Education significantly improves mental functioning in seniors even four decades after finishing school, shows a new study published in the journal Demography by researchers at the International Institute for Applied Systems Analysis (IIASA) and the University of Linz.
European populations are growing older on average, a trend that could pose serious challenges to health care, budgets, and economic growth.
As a greater proportion of a country’s population grows into old age, average cognition levels and national productivity tend to decline, and the incidence of dementia increases.
“Finding ways to improve the cognition of seniors is of central importance to the economic well-being of aging countries,” says IIASA researcher Vegard Skirbekk, who worked on the study with researchers Nicole Schneeweis and Rudolf Winter Ebmer at Linz University
The study examined variation in years of schooling arising from compulsory educational reforms implemented in six European countries during the 1950s and 1960s, measuring mental functioning in seniors with various levels of schooling.
It shows that the burden of demographic change is likely to depend more on how healthy and mentally fit people are at different ages than on the exact age structure of people in a population. The study also shows that education tends to significantly boost brain function, and that this effect persists as a person ages.
The study shows that people who attended school for longer periods because of new regulations performed better in terms of cognitive functioning than those who did not. Using data from individuals aged around 60 from the Survey of Health, Aging and Retirement in Europe, the researchers found a positive impact of schooling on memory scores.
The fact that young people or their parents did not choose whether to go longer to school strongly suggests that schooling is the cause rather than personal characteristics that would affect this choice and could also explain the differences in cognitive function.
“Examining the variation in compulsory schooling was key.” It allowed us to find out that education was the cause of better cognitive function, and not a simple correlation,” says Winter-Ebmer.
Furthermore, the study finds evidence for a protective effect of schooling for the brain: more education slows cognitive decline. The researchers say that education can be an important measure for maintaining cognitive functioning and protecting against cognitive decline, thereby alleviating the challenges that population aging would otherwise present.
Nicole Schneeweis, Vegard Skirbekk, Rudolf Winter-Ebmer (2014). Does Education Improve Cognitive Performance Four Decades After School Completion? Demography, February 2014 http://link.springer.com/article/10.1007%2Fs13524-014-0281-1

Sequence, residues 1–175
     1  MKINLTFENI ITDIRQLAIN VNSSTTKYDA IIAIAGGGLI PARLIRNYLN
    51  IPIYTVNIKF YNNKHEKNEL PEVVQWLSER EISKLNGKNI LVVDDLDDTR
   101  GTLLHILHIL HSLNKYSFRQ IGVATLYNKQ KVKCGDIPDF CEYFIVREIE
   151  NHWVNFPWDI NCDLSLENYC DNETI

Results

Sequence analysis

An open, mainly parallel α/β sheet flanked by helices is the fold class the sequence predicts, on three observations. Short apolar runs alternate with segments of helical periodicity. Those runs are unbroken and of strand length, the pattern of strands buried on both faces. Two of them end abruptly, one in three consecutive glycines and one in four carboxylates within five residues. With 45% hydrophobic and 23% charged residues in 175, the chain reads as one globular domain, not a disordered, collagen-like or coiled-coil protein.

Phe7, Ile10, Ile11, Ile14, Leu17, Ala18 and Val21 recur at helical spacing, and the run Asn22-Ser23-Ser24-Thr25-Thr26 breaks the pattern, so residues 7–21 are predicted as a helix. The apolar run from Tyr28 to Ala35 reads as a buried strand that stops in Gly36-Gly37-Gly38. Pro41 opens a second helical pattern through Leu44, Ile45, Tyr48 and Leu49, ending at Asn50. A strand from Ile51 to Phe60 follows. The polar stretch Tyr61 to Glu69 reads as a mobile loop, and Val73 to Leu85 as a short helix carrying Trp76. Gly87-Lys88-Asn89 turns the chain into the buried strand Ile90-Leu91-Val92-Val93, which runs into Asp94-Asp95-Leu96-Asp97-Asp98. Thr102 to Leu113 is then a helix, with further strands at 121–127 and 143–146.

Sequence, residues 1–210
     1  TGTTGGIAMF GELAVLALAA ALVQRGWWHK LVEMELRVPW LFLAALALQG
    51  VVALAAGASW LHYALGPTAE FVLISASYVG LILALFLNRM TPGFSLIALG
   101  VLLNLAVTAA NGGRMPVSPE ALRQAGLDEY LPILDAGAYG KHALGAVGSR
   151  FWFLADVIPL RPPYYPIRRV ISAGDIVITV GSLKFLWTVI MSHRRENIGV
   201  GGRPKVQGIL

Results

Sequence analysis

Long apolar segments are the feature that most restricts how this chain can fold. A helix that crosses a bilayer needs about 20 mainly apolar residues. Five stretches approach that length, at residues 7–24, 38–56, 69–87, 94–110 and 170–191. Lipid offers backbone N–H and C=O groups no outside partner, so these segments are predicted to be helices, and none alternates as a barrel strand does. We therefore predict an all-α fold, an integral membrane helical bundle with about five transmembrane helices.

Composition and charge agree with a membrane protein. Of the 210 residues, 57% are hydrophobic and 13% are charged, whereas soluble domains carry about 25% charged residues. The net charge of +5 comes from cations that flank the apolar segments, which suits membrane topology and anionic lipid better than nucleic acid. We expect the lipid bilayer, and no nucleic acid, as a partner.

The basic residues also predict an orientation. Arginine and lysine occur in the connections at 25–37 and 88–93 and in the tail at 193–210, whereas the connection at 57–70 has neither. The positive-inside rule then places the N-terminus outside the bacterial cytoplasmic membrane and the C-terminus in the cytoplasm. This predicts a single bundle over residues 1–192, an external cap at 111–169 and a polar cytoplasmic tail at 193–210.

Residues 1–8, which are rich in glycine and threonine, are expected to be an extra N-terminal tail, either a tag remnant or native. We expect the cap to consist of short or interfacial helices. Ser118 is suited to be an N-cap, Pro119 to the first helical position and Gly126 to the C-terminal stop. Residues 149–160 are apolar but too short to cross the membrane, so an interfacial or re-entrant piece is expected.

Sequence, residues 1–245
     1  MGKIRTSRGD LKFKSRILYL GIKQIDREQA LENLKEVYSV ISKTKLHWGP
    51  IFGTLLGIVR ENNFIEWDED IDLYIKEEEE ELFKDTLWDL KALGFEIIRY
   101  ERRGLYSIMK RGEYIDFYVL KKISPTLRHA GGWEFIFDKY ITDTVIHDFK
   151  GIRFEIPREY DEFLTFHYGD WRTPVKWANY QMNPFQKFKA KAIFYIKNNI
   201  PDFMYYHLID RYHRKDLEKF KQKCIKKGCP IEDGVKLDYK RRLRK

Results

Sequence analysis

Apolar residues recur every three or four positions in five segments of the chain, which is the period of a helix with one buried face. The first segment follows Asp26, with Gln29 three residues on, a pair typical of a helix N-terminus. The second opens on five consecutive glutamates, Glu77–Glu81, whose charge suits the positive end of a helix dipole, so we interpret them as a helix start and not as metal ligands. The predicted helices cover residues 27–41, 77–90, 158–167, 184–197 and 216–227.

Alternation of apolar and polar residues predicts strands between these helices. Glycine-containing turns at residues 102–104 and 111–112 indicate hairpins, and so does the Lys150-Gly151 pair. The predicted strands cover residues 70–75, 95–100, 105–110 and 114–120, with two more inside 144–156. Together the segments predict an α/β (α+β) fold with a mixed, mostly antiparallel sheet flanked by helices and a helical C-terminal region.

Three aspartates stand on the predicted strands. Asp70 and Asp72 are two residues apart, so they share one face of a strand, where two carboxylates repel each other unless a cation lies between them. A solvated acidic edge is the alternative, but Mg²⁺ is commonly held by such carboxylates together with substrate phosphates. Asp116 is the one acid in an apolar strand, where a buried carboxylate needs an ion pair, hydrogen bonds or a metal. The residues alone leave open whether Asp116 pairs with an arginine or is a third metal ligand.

For more information please contact:
T +43(0) 2236 807 378
IIASA is an international scientific institute that conducts research into the critical issues of global environmental, economic, technological, and social change that we face in the twenty-first century. Our findings provide valuable options to policy makers to shape the future of our changing world. IIASA is independent and funded by scientific institutions in Africa, the Americas, Asia, Oceania, and Europe. www.iiasa.ac.at
MSc Katherine Leitzell | idw - Informationsdienst Wissenschaft
Rutgers-led innovation could spur faster, cheaper, nano-based manufacturing
14.02.2018 | Rutgers University
New study from the University of Halle: How climate change alters plant growth
12.01.2018 | Martin-Luther-Universität Halle-Wittenberg
Animal photoreceptors capture light with photopigments. Researchers from the University of Göttingen have now discovered that these photopigments fulfill an...
On 15 March, the AWI research aeroplane Polar 5 will depart for Greenland. Concentrating on the furthest northeast region of the island, an international team...
The world’s second-largest ice shelf was the destination for a Polarstern expedition that ended in Punta Arenas, Chile on 14th March 2018. Oceanographers from...
At the 2018 ILA Berlin Air Show from April 25–29, the Fraunhofer Institute for Laser Technology ILT is showcasing extreme high-speed Laser Material Deposition (EHLA): A video documents how for metal components that are highly loaded, EHLA has already proved itself as an alternative to hard chrome plating, which is now allowed only under special conditions.
When the EU restricted the use of hexavalent chromium compounds to special applications requiring authorization, the move prompted a rethink in the surface...
At the ILA Berlin, hall 4, booth 202, Fraunhofer FHR will present two radar sensors for navigation support of drones. The sensors are valuable components in the implementation of autonomous flying drones: they function as obstacle detectors to prevent collisions. Radar sensors also operate reliably in restricted visibility, e.g. in foggy or dusty conditions. Due to their ability to measure distances with high precision, the radar sensors can also be used as altimeters when other sources of information such as barometers or GPS are not available or cannot operate optimally.
Drones play an increasingly important role in the area of logistics and services. Well-known logistic companies place great hope in these compact, aerial...
16.03.2018 | Event News
13.03.2018 | Event News
08.03.2018 | Event News
16.03.2018 | Earth Sciences
16.03.2018 | Physics and Astronomy
16.03.2018 | Life Sciences